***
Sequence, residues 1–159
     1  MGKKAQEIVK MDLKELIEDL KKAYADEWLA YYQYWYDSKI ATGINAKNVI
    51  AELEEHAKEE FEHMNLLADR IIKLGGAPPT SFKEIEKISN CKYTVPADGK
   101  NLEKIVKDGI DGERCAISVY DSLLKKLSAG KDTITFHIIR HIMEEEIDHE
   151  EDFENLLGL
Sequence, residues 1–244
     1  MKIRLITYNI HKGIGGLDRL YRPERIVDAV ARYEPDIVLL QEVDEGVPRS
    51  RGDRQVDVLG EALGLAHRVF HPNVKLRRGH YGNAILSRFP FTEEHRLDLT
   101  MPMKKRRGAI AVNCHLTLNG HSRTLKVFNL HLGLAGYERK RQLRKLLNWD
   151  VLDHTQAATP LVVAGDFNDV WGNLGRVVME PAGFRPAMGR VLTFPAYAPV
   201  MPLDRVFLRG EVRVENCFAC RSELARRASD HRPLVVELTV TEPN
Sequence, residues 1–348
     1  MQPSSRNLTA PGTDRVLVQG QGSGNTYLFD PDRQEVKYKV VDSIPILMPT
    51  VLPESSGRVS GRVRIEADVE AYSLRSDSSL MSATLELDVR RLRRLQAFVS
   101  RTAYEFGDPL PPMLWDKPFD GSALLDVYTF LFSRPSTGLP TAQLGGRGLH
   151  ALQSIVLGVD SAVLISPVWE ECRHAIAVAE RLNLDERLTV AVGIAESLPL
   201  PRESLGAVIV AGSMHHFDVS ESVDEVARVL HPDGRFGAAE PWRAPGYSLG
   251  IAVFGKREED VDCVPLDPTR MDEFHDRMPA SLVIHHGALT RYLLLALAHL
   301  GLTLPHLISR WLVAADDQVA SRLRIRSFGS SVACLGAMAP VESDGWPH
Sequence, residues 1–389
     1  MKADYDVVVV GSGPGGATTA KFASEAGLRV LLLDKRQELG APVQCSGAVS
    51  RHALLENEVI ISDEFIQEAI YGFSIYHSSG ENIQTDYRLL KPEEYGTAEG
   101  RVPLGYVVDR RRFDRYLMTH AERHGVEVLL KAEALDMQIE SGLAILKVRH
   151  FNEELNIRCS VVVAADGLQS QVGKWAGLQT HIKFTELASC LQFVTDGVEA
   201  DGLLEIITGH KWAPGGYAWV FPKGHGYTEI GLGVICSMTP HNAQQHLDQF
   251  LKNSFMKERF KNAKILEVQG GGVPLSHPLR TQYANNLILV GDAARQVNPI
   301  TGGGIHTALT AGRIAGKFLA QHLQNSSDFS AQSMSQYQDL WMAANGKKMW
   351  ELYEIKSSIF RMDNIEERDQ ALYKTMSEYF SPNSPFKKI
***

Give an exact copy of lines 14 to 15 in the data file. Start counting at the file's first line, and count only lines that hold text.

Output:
    51  VLPESSGRVS GRVRIEADVE AYSLRSDSSL MSATLELDVR RLRRLQAFVS
   101  RTAYEFGDPL PPMLWDKPFD GSALLDVYTF LFSRPSTGLP TAQLGGRGLH